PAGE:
Great South Run victory the target on Portsmouth favourite Andy Vernon’s homecoming

Stubbington's Andy Vernon. Picture: Habibur Rahman
Stubbington's Andy Vernon. Picture: Habibur Rahman
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Andy Vernon has targeted Simplyhealth Great South Run glory on his Portsmouth homecoming.

Stubbington’s former double European Championship medallist returns to his home city on Sunday with victory the aim as he takes on the world’s biggest 10-mile race.

Vernon will be aiming to stop Aldershot, Farnham & District team-mate Chris Thompson making it a hat-trick of victories on his turf.

The 32-year-old will be banking on a partisan home support to back his assault after a win at the Manchester Half-Marathon last Sunday.

And, after finishing second on his last Great South Run outing two years ago, Vernon knows there may be few better chances remaining in his running career to deliver success.

Vernon said: ‘I want to win it.

‘It’s Portsmouth – my home city.

‘It’s a race I really want to win at one point in my life and I’m running out of years!

‘I’ve been second, third and fourth, so I’m due a win. Either that or fifth!

‘We’ll see how are my legs are feeling and, hopefully, I can go out there and give the crowd a good win.

‘There’s the home support and that will make a difference cheering me on.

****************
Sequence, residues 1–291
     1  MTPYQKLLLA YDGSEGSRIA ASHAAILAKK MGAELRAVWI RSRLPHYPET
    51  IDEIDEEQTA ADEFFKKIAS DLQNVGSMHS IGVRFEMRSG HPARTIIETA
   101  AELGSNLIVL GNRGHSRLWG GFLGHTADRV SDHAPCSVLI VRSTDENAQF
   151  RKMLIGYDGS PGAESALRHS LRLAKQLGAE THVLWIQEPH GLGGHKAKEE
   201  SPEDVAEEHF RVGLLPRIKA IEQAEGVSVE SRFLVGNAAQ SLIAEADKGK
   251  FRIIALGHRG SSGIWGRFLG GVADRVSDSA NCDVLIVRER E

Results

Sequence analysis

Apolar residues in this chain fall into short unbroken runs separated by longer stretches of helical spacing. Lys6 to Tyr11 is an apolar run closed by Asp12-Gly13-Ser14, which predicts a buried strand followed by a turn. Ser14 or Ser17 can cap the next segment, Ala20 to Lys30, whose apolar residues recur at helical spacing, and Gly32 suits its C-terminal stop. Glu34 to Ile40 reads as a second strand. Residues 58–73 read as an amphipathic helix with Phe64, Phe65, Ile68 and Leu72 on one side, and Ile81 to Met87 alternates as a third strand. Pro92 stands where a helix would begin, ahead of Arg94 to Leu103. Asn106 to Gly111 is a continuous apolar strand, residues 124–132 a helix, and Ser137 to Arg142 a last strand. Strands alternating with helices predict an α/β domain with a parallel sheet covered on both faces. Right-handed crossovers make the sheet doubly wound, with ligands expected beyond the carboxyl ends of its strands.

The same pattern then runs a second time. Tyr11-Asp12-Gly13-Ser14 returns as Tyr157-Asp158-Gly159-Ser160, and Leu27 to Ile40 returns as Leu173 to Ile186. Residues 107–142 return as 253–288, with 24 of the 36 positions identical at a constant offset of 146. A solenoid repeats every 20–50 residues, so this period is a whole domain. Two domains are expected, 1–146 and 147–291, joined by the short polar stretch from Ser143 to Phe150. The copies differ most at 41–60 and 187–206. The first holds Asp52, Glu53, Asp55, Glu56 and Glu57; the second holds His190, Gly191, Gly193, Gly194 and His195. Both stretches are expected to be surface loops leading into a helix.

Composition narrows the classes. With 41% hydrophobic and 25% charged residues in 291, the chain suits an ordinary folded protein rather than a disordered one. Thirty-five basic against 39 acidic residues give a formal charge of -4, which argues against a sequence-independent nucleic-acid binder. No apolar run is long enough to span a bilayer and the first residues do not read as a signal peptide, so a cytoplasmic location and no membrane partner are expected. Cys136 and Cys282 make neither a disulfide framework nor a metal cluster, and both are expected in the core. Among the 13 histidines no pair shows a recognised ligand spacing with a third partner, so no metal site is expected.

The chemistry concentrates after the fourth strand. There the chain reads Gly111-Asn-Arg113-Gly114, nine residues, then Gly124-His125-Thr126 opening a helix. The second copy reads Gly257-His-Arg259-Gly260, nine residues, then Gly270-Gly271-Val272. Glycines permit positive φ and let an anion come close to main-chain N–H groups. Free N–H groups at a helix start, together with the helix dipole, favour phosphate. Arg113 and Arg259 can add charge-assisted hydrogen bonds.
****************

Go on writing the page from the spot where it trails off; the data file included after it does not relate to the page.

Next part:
‘It’s one of the better courses for on-course crowds, because they’re pretty much everywhere.

‘The crowds are strong in numbers down towards the end and hopefully that can help me.’

Vernon will gear up for action by taking in Pompey’s meeting with Fleetwood, before tackling the likes of Thompson, Libya’s Mohammed Hrezi and Southsea’s European Cross-Country Championship team bronze medallist Alex Teuten.

He is hopeful he will be able to go out and put on a spectacle.

Vernon added: ‘Certainly, Chris Thompson will be a threat.

‘I know Chris is gearing up for the New York Marathon.

‘He’s in marathon training and will be a little heavy in the legs as well.

‘I don’t know if he will be easing back or not.

‘I don’t know how much he’s done. I’ve spoken to him but it’s not something you really ask.

‘But that makes is more exciting. Is he going to try to break me early on? Or will he be hanging on after a few miles because he’s done 120 miles this week?

‘Hopefully we can make a good race of it and see who’s not fatiguing the quickest by the end.

‘It will be nice to have a good race which pleases the crowd and makes good TV.’